Interview Tips 4 – 5

Tip #4: Actively Listen & Passively Lead
Many candidates make the mistake of focusing entirely on what they’re saying and how they’re saying it, missing subtle cues and even obvious signals from their interviewer. Since success depends on satisfying your interviewer’s needs and not your own, knowing how they feel about your progress is vital, and can help you guide the interview in a more positive direction.

Discover How You’re Doing
The trick is to continue monitoring their body language, facial expressions, and questioning style to determine your progress throughout the interview. If they seem engaged and interested in your responses (plenty of eye contact, attention, and focus), then keep up the good work; if they instead seem bored and distracted (they yawn, look at their watch, or smirk) then increase your own energy and enthusiasm to bring them back. Their level of interest will vary, so pay attention and look for clues that will recommend the best way to continue.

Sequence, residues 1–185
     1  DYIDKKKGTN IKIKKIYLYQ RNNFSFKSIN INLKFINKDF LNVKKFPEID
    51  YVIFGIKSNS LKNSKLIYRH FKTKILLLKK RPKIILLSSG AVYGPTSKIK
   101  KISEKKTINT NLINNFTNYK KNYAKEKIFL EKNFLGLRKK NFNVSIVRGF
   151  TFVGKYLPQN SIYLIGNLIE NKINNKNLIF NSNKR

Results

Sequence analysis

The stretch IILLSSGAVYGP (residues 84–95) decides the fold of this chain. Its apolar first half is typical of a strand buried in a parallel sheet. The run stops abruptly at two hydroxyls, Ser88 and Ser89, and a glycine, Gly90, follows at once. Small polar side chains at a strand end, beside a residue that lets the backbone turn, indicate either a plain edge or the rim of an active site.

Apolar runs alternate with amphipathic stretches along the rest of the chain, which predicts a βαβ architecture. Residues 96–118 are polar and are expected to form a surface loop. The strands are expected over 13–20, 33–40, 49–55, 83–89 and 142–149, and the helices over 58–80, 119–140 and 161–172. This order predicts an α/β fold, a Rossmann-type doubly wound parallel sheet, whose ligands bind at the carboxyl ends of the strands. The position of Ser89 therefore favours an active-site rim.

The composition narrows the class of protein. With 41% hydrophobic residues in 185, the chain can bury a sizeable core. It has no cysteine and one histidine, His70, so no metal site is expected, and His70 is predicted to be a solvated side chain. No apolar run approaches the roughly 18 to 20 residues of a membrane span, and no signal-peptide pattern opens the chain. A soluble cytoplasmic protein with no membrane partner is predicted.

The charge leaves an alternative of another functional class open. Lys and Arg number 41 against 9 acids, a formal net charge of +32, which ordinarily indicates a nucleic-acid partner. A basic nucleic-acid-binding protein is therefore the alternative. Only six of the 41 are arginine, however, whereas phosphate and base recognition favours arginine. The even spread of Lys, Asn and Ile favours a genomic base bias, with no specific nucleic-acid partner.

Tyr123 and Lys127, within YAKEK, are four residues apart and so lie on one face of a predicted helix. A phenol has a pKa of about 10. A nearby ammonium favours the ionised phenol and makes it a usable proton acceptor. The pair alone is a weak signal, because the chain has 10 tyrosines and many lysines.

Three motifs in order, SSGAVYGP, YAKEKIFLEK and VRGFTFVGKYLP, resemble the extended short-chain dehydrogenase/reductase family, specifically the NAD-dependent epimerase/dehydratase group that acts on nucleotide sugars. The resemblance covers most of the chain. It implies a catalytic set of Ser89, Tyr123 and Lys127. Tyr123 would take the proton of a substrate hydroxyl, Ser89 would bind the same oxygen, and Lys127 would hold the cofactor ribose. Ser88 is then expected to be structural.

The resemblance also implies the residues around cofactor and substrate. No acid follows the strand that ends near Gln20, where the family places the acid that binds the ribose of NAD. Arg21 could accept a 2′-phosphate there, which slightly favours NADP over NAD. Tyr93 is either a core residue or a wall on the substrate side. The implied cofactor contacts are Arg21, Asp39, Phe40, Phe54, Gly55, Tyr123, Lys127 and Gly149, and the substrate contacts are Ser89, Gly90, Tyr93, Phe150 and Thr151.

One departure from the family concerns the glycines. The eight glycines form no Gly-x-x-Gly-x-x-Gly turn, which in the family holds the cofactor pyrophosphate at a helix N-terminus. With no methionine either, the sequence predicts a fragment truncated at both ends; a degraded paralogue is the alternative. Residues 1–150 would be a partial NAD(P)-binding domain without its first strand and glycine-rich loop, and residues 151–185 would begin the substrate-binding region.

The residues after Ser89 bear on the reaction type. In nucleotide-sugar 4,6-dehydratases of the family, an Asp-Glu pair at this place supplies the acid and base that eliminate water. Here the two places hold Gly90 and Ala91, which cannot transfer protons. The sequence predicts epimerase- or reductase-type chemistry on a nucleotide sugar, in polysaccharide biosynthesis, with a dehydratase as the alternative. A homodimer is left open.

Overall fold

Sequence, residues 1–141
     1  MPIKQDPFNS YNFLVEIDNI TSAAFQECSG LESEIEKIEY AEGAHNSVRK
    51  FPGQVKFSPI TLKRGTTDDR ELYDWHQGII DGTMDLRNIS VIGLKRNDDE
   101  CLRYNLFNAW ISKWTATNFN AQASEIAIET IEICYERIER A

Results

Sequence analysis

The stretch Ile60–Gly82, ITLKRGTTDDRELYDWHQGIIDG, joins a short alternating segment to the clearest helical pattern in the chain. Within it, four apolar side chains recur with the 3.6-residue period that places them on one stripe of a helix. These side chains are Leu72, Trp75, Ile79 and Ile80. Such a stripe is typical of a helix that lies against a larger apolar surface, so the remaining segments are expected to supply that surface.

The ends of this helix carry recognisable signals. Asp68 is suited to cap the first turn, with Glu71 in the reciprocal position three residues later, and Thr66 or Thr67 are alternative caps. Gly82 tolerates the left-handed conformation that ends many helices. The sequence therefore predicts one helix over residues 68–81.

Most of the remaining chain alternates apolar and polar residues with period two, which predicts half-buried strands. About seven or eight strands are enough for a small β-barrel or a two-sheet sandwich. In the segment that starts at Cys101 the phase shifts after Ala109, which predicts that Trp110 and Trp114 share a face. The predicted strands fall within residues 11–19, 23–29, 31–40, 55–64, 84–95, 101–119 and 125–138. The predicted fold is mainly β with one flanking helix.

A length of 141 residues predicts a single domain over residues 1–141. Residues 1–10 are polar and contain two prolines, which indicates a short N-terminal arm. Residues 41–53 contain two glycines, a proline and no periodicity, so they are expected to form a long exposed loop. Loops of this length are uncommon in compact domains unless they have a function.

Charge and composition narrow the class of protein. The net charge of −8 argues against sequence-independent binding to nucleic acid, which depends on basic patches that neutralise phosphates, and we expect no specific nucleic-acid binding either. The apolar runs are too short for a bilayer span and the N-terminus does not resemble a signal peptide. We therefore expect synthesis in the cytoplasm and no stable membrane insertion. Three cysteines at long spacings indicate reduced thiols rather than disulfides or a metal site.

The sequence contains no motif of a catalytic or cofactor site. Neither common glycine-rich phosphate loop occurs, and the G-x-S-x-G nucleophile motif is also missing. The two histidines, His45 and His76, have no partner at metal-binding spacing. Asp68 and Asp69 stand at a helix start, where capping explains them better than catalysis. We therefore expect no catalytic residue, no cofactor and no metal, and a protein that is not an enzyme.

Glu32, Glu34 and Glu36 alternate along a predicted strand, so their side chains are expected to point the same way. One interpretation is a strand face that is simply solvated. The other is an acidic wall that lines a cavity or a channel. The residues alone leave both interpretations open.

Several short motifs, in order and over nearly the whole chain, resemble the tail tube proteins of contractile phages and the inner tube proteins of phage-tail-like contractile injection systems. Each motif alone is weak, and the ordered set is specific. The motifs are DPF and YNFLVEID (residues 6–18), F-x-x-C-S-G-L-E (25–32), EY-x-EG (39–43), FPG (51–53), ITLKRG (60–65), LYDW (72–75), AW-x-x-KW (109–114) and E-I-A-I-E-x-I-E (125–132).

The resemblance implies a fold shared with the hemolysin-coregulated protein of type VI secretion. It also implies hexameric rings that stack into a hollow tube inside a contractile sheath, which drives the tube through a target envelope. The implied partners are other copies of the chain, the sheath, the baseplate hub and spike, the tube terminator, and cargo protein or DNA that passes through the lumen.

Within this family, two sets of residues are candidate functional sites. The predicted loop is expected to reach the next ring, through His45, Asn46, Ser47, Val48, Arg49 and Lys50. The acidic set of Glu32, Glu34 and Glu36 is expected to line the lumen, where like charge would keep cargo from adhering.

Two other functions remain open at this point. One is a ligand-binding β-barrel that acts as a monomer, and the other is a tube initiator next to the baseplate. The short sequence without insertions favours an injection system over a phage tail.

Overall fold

Create Positive Energy
In addition to these non-verbal signs, the kinds of questions asked also say a great deal about where you stand. As a general rule, the more detailed the questions, the greater the level of interest. If the interest isn’t there, create it. For example, if you are asked about your previous job, don’t just say “Yes, I did that” – instead, describe the situation in detail, and the positive results you produced. Talk about your responsibilities, and make the results as numerical as possible: “I saved the company thousands,” or “I saved my boss ten hours of work a week.”

Tip #5: Turn Your Weaknesses Into Strengths
But what if they want to know about any mistakes you might have made? How can you avoid the pitfall of getting trapped into talking about your weaknesses?

Nobody is perfect, only liars. And liars are unethical creatures who, if found out, don’t get job offers. While tooting your own horn might come easy to most, admitting to imperfection without blowing the whole shot often proves far more challenging. On the one hand you have to be honest; on the other, you want to say things that won’t get in the way of you getting the job.

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